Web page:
Friday, August 24, 2007

Sharp claws, warm heart...

Elizabeth Taylor (1912-1975)
English Novelist

While Mrs. P was going on about excellent women and things of that nature, it brought to my mind Elizabeth Taylor. No, no, the other one, the novelist. Never heard of her? Well, that's not surprising, Benjamin Schwarz writes that "she is best known for not being better known". Part of the group of mid-20th-century women fiction writers like Rose Macaulay, Ivy Compton-Burnett, Sylvia Townsend Warner, Rosamond Lehmann and Barbara Pym, to name a few, who dealt with the domestic lives of middle and upper-middle-class women. She is considered to be one of the hidden treasures of the English novel. Her shrewd but affectionate portrayals of middle-class English life won her a discriminating audience but she never quite got the recognition she deserved during her lifetime. Noted for her precise use of language and scrupulously understated style, her enthusiasts have been as tireless as they have been unsuccessful in securing for her what Kingsley Amis called "her due as one of the best English novelists born in this century".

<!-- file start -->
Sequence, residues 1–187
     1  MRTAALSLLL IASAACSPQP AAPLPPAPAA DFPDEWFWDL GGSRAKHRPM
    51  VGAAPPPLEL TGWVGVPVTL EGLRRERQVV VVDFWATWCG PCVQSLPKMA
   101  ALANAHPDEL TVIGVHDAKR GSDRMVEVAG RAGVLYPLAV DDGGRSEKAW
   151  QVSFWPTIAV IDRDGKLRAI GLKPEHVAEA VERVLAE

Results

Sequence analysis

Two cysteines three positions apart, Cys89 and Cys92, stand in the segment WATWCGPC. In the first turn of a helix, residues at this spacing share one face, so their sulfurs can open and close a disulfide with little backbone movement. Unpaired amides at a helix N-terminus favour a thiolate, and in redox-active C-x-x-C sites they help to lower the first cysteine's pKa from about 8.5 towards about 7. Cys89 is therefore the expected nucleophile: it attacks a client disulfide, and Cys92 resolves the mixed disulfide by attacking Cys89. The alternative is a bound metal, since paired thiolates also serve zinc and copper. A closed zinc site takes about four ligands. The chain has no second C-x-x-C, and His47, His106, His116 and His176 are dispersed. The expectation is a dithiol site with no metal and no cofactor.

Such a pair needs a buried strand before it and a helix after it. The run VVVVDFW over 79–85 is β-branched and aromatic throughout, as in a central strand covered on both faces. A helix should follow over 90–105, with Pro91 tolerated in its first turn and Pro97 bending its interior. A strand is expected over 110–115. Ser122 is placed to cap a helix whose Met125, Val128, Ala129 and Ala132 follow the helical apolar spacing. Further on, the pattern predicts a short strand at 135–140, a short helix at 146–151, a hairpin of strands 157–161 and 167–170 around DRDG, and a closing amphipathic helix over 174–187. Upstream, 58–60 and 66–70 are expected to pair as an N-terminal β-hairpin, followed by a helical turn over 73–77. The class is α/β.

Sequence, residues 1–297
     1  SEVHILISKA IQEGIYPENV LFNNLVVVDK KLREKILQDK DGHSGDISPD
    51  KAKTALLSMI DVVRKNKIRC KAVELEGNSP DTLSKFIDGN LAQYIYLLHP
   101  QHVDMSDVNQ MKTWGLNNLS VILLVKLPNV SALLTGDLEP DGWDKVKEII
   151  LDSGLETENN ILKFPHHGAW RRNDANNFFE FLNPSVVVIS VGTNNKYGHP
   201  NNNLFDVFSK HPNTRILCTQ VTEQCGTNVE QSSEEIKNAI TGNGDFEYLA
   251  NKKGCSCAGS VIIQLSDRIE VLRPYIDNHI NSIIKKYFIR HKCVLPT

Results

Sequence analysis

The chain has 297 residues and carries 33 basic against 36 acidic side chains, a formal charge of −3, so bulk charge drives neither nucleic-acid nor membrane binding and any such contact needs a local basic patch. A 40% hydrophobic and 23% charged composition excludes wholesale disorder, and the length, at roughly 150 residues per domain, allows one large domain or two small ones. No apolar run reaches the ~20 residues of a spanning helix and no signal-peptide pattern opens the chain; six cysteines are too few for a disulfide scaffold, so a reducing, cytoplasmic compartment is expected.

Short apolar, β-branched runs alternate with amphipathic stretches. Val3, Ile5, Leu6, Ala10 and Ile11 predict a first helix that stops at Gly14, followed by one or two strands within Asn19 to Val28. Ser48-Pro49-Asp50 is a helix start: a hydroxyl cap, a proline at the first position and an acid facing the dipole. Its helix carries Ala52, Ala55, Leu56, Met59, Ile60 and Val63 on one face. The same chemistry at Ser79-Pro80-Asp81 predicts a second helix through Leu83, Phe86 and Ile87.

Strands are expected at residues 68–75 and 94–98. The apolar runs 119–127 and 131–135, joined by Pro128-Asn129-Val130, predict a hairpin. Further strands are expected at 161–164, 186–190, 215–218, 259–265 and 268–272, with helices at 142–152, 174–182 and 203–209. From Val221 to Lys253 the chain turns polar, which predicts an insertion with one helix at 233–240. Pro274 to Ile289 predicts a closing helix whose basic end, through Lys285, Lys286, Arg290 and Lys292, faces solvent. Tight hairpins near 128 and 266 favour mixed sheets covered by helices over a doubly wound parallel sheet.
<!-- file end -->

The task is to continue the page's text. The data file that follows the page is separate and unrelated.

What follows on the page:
Like Austen, to whom she is most often compared, Taylor led a very tame and parochial life. She eschewed publicity and the London literary scene and, of course, her name obviously didn't help. She was the epitome of the upper-middle-class-housewife novelist. Of course, what she wrote about became terribly out of fashion during the time she wrote it, not exactly the stuff of the Angry Young Men. Elizabeth Jane Howard hailed her as one of the 20th century's most unfairly underread and underappreciated authors. But no one seems to have been able to influence whoever or whatever it is that decides who gets canonized and who doesn't.

But, as luck would have it, some of her books are still in print, courtesy of the UK publishing house Virago. If excellent women are your thing, there are none more excellent than she. As Mr. Schwarz notes: "...with her cool style, flexible and sharp-edged, she shunned sentimentality; her assessments were disconcertingly no-nonsense..." She had, as Angus Wilson said, "sharp claws" but a "warm heart". Look into it, when you find the time.